"You seem to have an inferiority complex  stemming from
your cigar smoking and resemblance to George Carlin." - Sigmund Freud
     I really don’t get how we take a 19th century coke-head psychologist seriously. He figured out that by saying the most outrageous things he could get humongous amounts of attention. Freud was like the 1800’s version of Glenn Beck, but with cigars and cocaine. Moreso. But there’s a lot in this world I don’t get. Like pralines. Say that word out loud. Pray-leens. Now, do you really want that in your ice cream? A praline is most certainly a fish. A cold water, Alaskan, freshwater fish. Now we’re throwin’ that in with some pecans and frozen milk and calling it dessert? “Ma’am, can I get some tartar sauce with my frosty tasty treat?”
     I should know a little something about fish. I mean, I don’t want to brag, but I was in the Boy Scouts. Yeah, no biggie. Just kidding. Well, I was actually in the Boy Scouts, it’s just a real big biggie. I hated it. Hated it. I spent the entirety of my career in the Scouts waiting until I was allowed to start a fire. But there was always that kid with like, the bandolier of merit badges that would start bragging he could start a fire without matches. He always came around when I had this huge can of gasoline and a Zippo (just kidding, we didn’t get Zippos in Boy Scouts. Not until we killed us some Nazees) and he’d be say “Psh, I could start this with a magnifying glass.” And I’d say “Well that just means you didn’t pack well enough to start a fire. Always be prepared, holmes. Now stand back, I’m going to set this puppy off!”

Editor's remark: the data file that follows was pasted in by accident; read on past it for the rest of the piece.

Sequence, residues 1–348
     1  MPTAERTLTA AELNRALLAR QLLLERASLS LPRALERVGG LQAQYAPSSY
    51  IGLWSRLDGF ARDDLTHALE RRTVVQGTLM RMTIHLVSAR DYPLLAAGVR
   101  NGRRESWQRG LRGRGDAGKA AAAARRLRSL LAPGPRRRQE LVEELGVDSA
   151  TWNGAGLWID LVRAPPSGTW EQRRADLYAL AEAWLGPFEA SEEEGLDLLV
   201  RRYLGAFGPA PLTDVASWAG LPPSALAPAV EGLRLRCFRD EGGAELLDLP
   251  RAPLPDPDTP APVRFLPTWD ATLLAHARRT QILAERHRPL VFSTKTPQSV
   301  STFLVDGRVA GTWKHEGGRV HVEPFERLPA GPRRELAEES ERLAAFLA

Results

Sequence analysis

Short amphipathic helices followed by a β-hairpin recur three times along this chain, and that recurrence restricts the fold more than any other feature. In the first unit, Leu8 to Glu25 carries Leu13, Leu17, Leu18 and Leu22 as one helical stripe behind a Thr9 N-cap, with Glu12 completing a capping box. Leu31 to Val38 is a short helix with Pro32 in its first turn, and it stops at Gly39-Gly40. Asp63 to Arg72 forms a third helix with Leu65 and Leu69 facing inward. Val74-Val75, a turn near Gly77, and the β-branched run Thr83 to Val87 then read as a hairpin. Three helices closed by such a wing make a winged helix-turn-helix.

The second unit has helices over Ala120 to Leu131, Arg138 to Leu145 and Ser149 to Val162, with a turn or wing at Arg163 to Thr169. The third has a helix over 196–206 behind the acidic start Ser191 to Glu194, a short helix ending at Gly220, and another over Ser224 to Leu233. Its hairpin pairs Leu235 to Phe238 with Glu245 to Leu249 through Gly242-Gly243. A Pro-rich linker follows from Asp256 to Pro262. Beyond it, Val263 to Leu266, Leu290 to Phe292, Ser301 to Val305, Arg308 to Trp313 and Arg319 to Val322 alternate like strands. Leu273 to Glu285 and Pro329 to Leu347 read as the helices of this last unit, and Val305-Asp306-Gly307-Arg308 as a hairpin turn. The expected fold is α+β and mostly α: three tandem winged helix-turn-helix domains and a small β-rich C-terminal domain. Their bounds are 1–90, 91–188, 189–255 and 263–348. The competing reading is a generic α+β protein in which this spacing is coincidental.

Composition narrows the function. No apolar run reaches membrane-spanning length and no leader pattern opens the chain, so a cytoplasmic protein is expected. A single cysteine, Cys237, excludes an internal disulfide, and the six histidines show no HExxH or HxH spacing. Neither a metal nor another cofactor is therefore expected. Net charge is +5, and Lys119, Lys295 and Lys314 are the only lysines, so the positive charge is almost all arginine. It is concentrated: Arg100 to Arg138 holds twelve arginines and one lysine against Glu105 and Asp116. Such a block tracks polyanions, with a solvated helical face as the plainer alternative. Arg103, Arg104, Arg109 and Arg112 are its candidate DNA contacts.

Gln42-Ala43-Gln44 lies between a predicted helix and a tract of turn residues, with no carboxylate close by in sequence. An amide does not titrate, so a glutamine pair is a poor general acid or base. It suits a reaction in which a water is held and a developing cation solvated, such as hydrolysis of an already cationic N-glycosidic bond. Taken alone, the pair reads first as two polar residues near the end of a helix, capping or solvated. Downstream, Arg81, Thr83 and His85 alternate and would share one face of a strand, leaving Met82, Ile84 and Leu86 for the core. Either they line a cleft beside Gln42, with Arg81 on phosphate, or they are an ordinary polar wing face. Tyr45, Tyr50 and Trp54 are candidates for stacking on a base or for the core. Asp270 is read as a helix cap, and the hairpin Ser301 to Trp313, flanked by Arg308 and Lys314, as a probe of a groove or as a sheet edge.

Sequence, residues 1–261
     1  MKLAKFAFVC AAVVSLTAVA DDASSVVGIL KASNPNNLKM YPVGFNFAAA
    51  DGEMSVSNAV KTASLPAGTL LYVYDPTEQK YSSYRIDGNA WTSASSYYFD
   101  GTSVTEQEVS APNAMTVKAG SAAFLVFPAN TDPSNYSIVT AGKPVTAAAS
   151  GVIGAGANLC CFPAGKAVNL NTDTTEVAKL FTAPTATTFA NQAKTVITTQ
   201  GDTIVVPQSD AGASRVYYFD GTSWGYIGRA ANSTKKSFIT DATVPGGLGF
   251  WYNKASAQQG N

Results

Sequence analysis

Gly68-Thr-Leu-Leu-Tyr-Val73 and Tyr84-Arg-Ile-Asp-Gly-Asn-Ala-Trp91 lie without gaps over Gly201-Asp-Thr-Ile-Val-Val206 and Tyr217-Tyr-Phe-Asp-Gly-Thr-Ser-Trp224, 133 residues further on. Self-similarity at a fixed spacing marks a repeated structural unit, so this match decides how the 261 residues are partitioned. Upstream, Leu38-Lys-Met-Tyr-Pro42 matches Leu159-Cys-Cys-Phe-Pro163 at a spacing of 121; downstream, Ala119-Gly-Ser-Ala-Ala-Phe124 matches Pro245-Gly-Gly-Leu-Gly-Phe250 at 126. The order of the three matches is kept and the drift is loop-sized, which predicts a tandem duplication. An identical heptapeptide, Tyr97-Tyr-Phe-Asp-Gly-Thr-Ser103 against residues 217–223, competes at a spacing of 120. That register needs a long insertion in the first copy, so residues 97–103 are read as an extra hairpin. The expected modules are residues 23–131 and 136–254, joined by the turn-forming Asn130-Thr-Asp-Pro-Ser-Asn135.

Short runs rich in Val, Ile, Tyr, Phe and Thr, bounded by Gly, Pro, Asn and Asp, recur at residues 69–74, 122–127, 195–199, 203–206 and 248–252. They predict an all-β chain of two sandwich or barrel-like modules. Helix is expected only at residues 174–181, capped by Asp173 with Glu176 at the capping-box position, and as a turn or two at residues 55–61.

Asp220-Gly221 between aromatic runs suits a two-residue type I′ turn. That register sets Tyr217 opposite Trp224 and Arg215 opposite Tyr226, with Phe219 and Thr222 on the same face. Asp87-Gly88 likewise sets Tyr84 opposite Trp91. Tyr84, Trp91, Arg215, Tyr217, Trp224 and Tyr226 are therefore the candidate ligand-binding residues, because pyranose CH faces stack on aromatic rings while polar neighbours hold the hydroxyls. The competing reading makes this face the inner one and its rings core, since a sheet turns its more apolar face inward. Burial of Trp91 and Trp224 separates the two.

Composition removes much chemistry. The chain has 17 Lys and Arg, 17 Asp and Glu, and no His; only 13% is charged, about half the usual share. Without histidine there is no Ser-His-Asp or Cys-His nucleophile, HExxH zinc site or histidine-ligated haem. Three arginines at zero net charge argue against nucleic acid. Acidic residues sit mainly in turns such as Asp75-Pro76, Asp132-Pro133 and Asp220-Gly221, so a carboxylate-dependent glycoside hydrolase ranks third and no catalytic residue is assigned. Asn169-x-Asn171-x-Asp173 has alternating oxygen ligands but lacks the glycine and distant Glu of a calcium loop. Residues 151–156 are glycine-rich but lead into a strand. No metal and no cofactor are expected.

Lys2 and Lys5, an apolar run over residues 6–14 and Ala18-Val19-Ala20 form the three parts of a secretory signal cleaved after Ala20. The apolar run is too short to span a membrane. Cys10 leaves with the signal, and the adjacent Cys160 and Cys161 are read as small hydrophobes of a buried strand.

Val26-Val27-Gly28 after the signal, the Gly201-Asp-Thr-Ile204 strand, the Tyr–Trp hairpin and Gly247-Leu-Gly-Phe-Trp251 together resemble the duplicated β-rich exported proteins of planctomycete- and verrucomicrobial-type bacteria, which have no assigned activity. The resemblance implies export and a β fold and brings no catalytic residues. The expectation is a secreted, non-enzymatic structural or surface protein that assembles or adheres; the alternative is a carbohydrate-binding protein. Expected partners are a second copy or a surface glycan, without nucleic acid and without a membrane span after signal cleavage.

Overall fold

NATURE